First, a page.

Waaaa, I don’t want to read complex muddle!
Posted February 5, 2007on:
The Guardian books blog often suffers from a common newspaper malady. It likes to create controversy or at least something intriguing out of thin air or trash; therefore it encourages its writers to come up with asinine arguments poised to be little else but provocative. Inevitably the majority of these are weakly composed, the writer’s opinions meant to be taken seriously for no other reason than that she’s written it.
According to those who are anti this idea, the whole point about these works of genius – Mill on the Floss, David Copperfield and Wives and Daughters are also to get the W & N cut-off-at-the-knees treatment – is their ambling byways, baffling dead-ends and sudden jumps of pace and tone. It is this glorious “complexity” – some might call it “muddle” – that makes a classic, classic.
I don’t agree. Many of these books, while marvellous, also suffered from being originally produced in installments, which meant that each section had to end with a cliff-hanger, regardless of whether the narrative required it or not. Others had to be finished in a hurry to meet a publisher’s deadline. The Mill on the Floss by George Eliot is a case in point. While the first two thirds of the book is a wonderful, if leisurely, evocation of a small English market town at the beginning of the nineteenth century, the last part is a rushed, breathless, melodramatic affair with an entirely unlikely tying up of plotlines. Thackeray’s Vanity Fair, while sublime in places, also contains whole stretches of writing that, frankly, never rise beyond the workmanlike.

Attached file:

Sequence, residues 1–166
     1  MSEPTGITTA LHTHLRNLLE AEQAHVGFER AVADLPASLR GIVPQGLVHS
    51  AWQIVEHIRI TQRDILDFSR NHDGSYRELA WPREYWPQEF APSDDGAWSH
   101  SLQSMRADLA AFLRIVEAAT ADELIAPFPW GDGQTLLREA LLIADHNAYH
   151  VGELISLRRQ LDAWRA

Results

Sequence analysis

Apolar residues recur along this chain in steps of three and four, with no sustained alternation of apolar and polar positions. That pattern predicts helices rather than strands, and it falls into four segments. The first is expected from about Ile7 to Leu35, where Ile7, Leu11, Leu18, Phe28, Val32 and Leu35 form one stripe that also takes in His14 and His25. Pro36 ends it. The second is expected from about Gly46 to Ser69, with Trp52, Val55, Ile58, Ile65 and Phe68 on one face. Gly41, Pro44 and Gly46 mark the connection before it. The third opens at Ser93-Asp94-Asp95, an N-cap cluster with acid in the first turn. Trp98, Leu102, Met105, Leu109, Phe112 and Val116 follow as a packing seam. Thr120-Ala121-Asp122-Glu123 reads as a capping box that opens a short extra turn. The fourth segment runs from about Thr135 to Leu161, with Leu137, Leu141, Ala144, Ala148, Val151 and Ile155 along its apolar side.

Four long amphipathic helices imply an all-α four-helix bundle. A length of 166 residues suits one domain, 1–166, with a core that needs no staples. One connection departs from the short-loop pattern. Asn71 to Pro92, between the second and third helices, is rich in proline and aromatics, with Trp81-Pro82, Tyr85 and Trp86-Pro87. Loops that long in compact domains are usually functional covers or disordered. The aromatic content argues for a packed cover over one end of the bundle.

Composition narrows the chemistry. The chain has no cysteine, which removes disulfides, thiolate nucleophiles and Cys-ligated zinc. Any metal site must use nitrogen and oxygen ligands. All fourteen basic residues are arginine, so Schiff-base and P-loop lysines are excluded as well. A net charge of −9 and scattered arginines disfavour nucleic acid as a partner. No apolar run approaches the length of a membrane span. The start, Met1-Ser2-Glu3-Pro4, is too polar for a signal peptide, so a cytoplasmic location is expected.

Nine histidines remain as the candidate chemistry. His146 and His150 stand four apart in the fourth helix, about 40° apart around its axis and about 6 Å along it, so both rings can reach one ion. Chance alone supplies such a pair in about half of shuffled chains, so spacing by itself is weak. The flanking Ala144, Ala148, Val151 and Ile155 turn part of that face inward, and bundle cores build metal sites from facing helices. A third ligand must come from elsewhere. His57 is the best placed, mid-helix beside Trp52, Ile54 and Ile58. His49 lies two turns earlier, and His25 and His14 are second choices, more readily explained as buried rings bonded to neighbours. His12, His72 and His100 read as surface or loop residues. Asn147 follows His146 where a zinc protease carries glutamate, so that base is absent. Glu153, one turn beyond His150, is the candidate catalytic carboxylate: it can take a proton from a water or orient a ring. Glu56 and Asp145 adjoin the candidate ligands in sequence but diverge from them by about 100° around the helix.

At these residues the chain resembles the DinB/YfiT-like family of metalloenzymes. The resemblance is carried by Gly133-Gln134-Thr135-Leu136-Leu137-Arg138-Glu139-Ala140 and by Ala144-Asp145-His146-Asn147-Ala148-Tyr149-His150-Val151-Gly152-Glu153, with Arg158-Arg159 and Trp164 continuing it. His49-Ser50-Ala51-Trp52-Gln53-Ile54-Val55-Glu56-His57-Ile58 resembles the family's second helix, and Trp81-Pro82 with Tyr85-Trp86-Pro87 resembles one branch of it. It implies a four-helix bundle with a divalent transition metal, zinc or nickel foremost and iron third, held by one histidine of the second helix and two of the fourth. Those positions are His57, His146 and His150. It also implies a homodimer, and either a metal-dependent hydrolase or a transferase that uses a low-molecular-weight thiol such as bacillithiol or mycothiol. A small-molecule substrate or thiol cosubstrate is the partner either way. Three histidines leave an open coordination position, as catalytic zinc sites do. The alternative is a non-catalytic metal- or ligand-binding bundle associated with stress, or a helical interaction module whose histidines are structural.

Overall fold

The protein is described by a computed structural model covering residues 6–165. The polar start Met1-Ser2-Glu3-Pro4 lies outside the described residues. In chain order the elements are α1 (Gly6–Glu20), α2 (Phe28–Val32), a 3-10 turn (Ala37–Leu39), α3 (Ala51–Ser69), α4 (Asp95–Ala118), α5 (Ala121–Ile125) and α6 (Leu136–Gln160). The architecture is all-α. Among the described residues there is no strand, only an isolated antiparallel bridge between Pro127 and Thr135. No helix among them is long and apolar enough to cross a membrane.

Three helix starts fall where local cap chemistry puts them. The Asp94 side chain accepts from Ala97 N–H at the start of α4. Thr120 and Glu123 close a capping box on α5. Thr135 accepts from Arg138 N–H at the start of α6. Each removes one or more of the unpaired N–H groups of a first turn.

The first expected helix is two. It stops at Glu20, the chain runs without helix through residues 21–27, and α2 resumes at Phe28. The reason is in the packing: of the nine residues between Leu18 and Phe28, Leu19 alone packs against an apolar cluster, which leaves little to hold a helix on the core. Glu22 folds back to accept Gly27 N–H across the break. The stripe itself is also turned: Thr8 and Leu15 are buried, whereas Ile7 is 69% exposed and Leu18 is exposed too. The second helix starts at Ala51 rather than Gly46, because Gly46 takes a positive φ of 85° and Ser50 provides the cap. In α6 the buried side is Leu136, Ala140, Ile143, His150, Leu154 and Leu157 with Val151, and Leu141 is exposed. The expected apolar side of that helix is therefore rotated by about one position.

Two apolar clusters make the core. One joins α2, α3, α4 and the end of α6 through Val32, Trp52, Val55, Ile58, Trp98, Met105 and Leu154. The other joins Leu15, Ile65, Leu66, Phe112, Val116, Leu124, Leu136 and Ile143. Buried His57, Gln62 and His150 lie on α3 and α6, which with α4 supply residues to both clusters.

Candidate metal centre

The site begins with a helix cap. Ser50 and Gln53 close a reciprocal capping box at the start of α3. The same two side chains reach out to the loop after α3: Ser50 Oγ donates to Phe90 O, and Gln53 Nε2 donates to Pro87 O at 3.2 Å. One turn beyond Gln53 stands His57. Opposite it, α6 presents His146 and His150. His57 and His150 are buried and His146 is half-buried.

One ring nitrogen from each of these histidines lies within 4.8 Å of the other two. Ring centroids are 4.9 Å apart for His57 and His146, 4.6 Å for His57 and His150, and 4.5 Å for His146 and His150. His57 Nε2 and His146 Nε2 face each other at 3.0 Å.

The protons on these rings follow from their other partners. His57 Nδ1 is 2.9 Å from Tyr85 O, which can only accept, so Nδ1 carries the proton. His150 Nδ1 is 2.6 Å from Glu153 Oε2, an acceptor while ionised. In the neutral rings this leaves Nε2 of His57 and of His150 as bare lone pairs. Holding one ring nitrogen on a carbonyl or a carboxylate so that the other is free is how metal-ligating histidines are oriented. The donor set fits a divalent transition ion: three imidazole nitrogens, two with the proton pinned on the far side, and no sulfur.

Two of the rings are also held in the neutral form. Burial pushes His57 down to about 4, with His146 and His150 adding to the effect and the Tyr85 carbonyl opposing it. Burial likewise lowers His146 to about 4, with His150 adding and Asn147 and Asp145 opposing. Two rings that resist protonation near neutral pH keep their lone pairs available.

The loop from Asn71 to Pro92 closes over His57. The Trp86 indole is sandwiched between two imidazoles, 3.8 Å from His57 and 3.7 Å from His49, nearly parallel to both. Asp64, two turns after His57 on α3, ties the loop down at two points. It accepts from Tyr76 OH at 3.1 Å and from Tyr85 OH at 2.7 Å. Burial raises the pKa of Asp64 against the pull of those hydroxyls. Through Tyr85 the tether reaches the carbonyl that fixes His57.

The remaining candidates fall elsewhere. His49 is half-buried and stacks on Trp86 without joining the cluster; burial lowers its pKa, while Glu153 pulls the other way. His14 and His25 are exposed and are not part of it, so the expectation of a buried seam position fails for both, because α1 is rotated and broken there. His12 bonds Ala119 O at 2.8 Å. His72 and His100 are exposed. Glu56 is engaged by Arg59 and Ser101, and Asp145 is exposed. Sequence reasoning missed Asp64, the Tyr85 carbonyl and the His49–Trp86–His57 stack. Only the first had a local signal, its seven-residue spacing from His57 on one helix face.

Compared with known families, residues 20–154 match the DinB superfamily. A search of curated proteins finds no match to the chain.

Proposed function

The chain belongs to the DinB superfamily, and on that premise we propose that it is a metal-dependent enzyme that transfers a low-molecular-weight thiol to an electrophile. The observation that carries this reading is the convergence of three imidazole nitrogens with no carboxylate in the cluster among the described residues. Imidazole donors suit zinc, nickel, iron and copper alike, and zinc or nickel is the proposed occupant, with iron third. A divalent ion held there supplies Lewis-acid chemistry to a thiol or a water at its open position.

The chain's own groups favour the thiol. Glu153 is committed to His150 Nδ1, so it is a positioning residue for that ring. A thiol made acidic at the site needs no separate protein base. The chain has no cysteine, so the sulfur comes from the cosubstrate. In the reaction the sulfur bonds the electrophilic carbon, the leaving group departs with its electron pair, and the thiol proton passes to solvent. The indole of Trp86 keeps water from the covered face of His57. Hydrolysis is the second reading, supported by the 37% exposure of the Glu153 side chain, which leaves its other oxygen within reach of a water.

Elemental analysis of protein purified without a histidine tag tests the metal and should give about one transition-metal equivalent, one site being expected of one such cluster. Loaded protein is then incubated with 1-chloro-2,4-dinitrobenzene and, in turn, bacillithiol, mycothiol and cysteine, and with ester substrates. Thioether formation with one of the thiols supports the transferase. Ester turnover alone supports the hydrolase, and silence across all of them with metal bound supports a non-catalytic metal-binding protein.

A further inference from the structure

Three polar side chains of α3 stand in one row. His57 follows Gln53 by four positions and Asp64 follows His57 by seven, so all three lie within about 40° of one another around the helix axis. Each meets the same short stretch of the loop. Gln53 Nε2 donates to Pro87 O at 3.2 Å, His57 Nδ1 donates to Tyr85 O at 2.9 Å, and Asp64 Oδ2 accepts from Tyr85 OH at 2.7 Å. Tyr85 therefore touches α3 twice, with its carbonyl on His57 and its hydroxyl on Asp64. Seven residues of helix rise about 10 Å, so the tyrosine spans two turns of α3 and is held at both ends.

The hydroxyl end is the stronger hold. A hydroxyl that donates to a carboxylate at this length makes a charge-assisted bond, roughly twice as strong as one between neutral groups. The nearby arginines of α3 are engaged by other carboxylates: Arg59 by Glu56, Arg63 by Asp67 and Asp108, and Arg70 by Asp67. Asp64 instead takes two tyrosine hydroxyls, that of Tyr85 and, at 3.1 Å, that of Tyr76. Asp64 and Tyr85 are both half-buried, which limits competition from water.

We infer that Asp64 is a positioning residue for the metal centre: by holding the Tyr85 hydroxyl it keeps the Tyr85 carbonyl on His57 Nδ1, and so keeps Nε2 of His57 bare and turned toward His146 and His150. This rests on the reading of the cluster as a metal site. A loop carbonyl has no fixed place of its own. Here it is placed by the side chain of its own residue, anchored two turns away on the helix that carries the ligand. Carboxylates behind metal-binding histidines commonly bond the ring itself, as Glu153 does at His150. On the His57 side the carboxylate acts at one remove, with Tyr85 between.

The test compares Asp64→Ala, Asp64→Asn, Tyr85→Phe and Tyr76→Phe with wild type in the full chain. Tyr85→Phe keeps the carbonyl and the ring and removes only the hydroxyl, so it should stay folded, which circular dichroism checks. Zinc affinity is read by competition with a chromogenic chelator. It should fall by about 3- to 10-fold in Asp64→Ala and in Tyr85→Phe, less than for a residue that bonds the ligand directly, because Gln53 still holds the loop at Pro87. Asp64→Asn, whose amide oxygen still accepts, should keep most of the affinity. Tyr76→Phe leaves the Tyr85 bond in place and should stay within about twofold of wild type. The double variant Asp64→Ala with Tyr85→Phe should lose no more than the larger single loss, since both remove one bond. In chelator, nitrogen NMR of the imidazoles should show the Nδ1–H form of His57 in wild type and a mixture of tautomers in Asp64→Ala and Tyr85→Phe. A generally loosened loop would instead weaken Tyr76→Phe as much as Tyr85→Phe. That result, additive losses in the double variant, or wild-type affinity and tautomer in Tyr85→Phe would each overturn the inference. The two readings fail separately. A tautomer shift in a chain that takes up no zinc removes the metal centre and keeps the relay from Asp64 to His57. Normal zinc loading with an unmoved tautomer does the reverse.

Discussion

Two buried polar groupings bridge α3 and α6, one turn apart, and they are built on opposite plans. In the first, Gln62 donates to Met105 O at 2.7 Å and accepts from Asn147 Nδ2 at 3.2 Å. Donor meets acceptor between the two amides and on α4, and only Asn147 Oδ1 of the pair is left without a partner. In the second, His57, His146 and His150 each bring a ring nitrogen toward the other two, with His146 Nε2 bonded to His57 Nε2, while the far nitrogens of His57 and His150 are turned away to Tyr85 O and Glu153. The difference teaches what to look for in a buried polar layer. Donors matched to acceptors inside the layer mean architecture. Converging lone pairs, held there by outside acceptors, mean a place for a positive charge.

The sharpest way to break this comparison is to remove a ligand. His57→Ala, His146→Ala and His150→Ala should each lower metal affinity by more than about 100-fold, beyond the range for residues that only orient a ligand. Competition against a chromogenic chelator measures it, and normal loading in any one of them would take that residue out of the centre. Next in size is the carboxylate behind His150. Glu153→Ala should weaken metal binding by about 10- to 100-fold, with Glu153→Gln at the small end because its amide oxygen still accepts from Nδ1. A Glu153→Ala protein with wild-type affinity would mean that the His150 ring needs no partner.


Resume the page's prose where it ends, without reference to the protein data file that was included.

I can’t say I got too irate when I first read of W & N’s efforts. I was annoyed but abridged classics have existed for decades, no? From what I could tell this was hardly a new development. What made me irate was Hughes paltry effort to support this move. First she misrepresents the argument she linked to: Matt O’Rama made no declarations as to what features make a novel a classic, he stated that to abridge Moby Dick, for example, is to invalidate it’s claim of being Moby Dick. But her main problem is the way George Eilot and Thackeray wrote their works, so she logically concludes that this makes their abridgement perfectly alright. She does not like the “ambling byways”, therefore change them to suit her, and raise them above their “workmanlike” origins. She also mentions that neither author’s novel, in the glorious present, would be “commercially viable”. They would be hacked down to their lean, mean, best-selling machine form.
If you’re a professor or student don’t worry: you can still study the long, boring stuff in school to learn about how and why the authors wrote their novels that way. “Ordinary readers”, only wishing to be diverted, can do without those extra trimmings.
I believe it was at that point that I silently screamed to the ceiling.